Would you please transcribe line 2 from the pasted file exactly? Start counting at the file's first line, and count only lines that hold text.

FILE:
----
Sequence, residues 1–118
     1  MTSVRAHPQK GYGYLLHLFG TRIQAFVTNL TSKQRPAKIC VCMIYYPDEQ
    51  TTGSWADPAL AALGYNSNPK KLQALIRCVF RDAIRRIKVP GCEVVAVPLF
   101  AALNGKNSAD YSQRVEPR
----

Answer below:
     1  MTSVRAHPQK GYGYLLHLFG TRIQAFVTNL TSKQRPAKIC VCMIYYPDEQ